Education: Burden or Enlightenment? | Milaap

Education: Burden or Enlightenment?

“If the structure does not permit dialogue the structure must be changed”
― Paulo Freire

Even with many changes here and there, we will not be able to mark distinct changes that have taken place in the structural setting of schools. If we place our own experience of school days vis-à-vis what children are experiencing now, the picture becomes clearer. The school still holds the same connotation, one individual, often not specifically trained, giving lectures from the texts which are already available. We see children stumbling upon the age-old hierarchy of the subjects, and I must add, we ourselves have stumbled upon it. Educationists say that the hierarchy of ‘subjects’ in the modern education system which keeps pure and natural sciences at the top and arts-humanities at the bottom is a reflection of an industry-based society where without doubt, expertise in science can fetch a great carrier. But in the course of erecting the hierarchy in the real world and in the minds of parents and students, we have lost the potential creative energy of the society. The motive of education should not be narrowing down the thought process and forcefully feed the brains huge chunks of ‘right’ answers. We are continuously force-fed ‘right’ answer and are also expected to vomit it in the cleanest possible form. One of the damages caused by the colonial-styled modern Indian education system which nonetheless also serves students the ‘right’ answers is that we let go of the possibility of creative expression. Many succumb to the apparently heavy burdens of pure and natural sciences, some are able to carry the burden but at the cost of losing their own ‘selves’. And we are left with a society obsessed with manufacturing engineers-doctors and not potters and painters. In a realistic sense, what parents will let their children study fine arts, an academic course which does not correspond well in the job market. On the other hand, the education institution at the primary level isn’t producing students who will go for fine arts.

 Photo for representation only

In the larger scheme of things, the structure also stops us from wandering. In other words with all the established answers, it kills the zeal of ‘knowing’ altogether. And if we fail to memorize the established answer then we are doomed. Subjects are reduced to something we hate. History, Geography, Maths, Physics, and almost all the other subjects become abstraction coded in incomprehensible language and we are separated from the immense pleasure of knowing. To create a critical discourse around the methods of education in times like now is a difficult task, let alone making reforms but apparently many people are engaged in beautiful endeavours of making whatever changes they can. “Mathematics is not calculation but poetry,” says Arunatpal, a young designer from Kolkata whom I happened to meet by chance. He has worked with a Non-profit Organisation to develop cheap toys to help kids understand mathematics. We all had a hard time with mathematics, there is no denial of that, but what if the process was wrong and it was not us who were incapable? Arunatpal emphasizes that mathematics is more than calculations. And when it is reduced to numbers and innumerable problems with handy formulas, we lose the beauty of it. He has developed few toys which help children to understand and feel mathematics, to understand what numbers really are, and how the numbers are futile and significant at the same time.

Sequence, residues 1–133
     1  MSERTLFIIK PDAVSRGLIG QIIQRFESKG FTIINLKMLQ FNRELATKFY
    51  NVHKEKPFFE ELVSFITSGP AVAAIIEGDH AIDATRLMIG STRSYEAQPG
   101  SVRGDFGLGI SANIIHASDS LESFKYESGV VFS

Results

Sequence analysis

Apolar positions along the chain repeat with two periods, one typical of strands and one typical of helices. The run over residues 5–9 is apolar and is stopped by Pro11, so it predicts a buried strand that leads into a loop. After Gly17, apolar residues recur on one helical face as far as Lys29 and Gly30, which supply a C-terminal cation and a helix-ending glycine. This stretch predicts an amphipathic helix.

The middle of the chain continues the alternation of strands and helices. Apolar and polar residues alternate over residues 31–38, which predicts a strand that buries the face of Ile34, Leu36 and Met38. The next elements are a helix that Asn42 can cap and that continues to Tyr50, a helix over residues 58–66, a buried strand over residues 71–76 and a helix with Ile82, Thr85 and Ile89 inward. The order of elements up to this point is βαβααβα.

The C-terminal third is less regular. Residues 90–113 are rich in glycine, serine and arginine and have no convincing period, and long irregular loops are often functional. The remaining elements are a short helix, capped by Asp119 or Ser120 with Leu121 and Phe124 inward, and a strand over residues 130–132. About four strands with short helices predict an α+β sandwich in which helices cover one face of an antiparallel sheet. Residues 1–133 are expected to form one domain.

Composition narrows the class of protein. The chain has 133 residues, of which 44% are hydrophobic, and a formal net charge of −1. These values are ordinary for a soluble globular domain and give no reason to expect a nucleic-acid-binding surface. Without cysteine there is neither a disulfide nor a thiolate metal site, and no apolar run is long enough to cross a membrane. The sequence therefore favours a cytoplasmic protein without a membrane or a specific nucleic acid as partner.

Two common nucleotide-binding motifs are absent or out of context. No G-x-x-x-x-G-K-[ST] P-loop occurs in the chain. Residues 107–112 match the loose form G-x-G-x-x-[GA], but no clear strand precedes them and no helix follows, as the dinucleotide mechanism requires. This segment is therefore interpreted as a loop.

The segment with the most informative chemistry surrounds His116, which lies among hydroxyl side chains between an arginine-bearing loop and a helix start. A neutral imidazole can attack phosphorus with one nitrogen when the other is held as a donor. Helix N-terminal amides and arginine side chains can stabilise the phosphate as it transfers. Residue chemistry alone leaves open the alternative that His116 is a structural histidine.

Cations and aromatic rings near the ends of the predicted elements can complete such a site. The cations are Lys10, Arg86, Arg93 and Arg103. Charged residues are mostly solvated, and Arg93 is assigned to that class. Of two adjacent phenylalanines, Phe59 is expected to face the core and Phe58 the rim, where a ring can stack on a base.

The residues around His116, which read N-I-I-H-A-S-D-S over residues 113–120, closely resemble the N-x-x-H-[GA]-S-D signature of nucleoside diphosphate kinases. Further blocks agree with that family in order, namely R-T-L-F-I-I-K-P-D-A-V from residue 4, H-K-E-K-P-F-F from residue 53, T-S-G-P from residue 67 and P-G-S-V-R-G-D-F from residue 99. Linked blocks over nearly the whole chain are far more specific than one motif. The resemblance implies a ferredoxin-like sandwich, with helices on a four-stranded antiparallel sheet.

Arunatpal engaging with students

Toys include basic things such as wooden sticks, matchsticks, and carom coins. He says toys shouldn’t be something which the kid wants to own, but something which they want to play with and share with friends. Other than introducing numbers and simple mathematical operations, the objective of the toys is to develop a healthy attitude of approaching things from different perspectives, to physically figure out different possibilities and to feel mathematics which is otherwise a difficult abstraction. The toys in an interesting way also break the hierarchical dynamics between the teacher and the student. When they learn from the toys, the teacher is just a facilitator. The games and the playful environment also help children to break free from the fear of making mistakes and to build a confident perception of themselves.

Photo by Roman Mager on Unsplash (For representational use)

We are in dire need of contemplative and sensible society which nurtures creativity and life. And the only way to build a society where people will at least try to understand each other is through non-conventional and experimental education. We haven’t reached any milestone yet, but we can call this project a humble start.
Website of the Non-profit Organization that Arunatpal worked with:
A short report of the project: